Board names six new full professors
The appointments of six new faculty members as full professors were approved Nov. 17 by the Board of Trustees.
They are: Christopher Eisgruber, the Laurance S. Rockefeller Professor of Public Affairs in the Woodrow Wilson School and the University Center for Human Values, effective July 1, 2001; Carol Greenhouse, professor of anthropology, effective July 1, 2001; Brian Kernighan, professor of computer science, effective Sept. 1, 2000; Angel Loureiro, professor of Romance languages and literatures, effective Feb. 1, 2001; Chiara Nappi, professor of physics, effective July 1, 2001; and Colin Palmer, the Dodge Professor of History, effective Sept. 1, 2000.
Eisgruber will come to Princeton from the New York University School of Law, where he has been a faculty member since 1990. He also has served as a clerk for U.S. Supreme Court Justice John Paul Stevens and U.S. Court of Appeals for the Fifth Circuit Judge Patrick Higginbotham.
A nationally recognized scholar in the fields of constitutional law and religious liberty, Eisgruber is the author of numerous publications for academic books and journals. He and his colleague, Lawrence Sager, convene the NYU Colloquium on Constitutional Theory, a unique forum for the presentation and analysis of ongoing research on constitutional issues.
Eisgruber is a 1983 magna cum laude physics graduate of Princeton. He studied politics as a Rhodes Scholar at Oxford University, graduating with an M.Litt. He earned his law degree from the University of Chicago Law School, where he was editor-in-chief of the law review.
Greenhouse has been a professor in the Department of Anthropology at Indiana University since 1991. In 1997, she was also jointly appointed in the Department of Communication and Culture and the Program in Gender Studies. She also has taught at Cornell University and at the Ecole des Hautes Etudes en Sciences Sociales in Paris. In addition, she has spent a year as a research analyst for the Bureau of Social Science Research in Washington, D.C.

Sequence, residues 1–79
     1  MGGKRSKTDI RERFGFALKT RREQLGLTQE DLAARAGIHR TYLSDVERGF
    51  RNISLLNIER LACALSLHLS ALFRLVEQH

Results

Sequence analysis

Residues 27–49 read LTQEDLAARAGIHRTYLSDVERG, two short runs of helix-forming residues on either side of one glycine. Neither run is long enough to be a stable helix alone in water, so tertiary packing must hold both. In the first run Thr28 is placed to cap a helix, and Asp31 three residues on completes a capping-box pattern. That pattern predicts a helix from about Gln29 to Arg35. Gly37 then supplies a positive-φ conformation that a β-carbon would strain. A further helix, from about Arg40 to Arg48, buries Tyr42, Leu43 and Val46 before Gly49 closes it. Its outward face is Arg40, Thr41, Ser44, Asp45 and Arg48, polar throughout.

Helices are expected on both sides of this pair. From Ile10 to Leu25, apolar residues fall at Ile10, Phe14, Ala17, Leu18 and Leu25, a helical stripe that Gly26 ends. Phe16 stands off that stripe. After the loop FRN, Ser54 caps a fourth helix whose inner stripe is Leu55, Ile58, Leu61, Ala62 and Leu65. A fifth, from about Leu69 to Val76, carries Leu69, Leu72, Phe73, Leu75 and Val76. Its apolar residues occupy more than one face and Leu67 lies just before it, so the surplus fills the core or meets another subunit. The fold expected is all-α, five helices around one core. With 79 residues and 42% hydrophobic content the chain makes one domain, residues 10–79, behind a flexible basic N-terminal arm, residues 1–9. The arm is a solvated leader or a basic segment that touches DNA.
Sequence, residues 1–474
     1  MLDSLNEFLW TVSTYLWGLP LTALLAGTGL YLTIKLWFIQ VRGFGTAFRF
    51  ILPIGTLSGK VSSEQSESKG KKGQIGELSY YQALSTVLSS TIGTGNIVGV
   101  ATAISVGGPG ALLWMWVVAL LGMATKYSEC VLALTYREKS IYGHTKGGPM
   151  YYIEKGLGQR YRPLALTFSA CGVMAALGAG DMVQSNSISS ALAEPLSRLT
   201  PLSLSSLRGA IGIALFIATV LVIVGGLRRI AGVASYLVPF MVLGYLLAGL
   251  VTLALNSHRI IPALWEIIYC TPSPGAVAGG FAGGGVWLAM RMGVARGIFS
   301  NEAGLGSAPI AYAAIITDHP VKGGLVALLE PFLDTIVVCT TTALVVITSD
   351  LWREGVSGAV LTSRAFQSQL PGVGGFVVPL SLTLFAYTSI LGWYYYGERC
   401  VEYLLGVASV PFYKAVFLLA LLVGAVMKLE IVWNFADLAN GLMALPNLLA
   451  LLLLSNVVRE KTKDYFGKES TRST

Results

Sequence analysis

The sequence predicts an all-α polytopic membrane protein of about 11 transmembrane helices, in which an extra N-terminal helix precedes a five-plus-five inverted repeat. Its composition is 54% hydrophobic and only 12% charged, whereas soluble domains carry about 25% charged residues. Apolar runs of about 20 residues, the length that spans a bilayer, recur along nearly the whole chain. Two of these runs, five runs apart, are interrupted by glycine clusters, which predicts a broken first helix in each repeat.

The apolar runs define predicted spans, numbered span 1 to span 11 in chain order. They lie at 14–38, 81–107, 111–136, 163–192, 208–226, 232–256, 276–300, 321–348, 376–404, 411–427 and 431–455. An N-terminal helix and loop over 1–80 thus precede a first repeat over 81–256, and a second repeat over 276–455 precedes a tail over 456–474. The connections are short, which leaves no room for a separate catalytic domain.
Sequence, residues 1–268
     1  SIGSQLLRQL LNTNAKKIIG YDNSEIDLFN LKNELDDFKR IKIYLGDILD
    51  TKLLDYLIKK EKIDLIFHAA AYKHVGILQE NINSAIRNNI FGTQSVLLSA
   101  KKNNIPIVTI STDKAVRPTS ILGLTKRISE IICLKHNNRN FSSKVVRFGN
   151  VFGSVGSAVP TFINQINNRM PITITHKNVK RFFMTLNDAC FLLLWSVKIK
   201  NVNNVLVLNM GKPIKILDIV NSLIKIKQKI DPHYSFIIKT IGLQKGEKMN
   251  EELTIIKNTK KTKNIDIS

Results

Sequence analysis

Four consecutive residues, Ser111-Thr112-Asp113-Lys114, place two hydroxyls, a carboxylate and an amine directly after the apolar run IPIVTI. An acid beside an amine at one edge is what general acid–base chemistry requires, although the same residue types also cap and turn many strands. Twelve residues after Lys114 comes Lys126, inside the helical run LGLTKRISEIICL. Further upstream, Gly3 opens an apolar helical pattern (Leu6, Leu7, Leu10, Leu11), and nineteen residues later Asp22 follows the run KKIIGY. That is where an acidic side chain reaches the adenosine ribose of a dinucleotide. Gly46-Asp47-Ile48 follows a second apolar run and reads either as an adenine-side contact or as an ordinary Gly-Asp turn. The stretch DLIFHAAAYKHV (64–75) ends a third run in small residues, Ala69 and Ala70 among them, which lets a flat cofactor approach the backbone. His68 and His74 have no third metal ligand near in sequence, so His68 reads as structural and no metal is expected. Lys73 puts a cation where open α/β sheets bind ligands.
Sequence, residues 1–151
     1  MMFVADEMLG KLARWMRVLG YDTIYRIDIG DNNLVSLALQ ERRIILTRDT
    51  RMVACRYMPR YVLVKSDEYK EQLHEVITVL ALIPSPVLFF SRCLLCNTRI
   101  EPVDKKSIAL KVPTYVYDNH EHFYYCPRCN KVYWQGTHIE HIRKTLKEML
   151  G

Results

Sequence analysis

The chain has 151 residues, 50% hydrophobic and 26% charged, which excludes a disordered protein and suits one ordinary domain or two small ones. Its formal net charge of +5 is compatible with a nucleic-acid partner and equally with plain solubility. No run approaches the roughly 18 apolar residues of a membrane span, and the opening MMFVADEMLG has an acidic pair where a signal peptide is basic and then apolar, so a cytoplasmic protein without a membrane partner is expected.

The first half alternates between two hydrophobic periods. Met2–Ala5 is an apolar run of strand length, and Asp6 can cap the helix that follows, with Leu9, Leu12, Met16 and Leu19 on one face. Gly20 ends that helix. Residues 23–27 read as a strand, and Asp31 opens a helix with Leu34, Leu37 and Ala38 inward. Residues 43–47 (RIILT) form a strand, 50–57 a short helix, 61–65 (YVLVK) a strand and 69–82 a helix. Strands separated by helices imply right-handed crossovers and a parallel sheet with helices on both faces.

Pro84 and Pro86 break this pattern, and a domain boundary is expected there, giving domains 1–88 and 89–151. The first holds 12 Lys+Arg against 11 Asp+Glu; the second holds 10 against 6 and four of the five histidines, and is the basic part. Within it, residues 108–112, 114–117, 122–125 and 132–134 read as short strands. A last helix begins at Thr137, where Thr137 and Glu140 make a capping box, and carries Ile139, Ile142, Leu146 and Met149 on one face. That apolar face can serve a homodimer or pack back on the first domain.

Greenhouse's primary anthropological interests are in the ethnography of the contemporary United States and the ethnology of law. In particular, her work focuses on questions of politics and law as cultural practices. She is president of the Association for Political and Legal Anthropology, past president of the Law & Society Association and editor of American Ethnologist. Her publications include "A Moment's Notice: Time Politics Across Cultures" (1996), "Law & Community in Three American Towns" (1994) and "Praying for Justice: Law, Faith and Community in an American Town" (1986), all published by Cornell University Press.
A magna cum laude anthropology graduate of Radcliffe College, she earned her Ph.D. in social anthropology from Harvard University.
Kernighan has worked at Bell Laboratories in Murray Hill, N.J., since 1969. For the last 20 years, he has been head of the computing structures research department. His areas of specialty include software tools, application-oriented languages, programming methodology and user interfaces.
Kernighan is the author of eight books that have been translated into 21 languages as well as Braille and audiotape. His most recent publication is "The Practice of Programming" (Addison-Wesley, 1999), which he wrote with Rob Pike. He has served on computer science editorial boards and publication advisory boards for Prentice Hall and Addison-Wesley.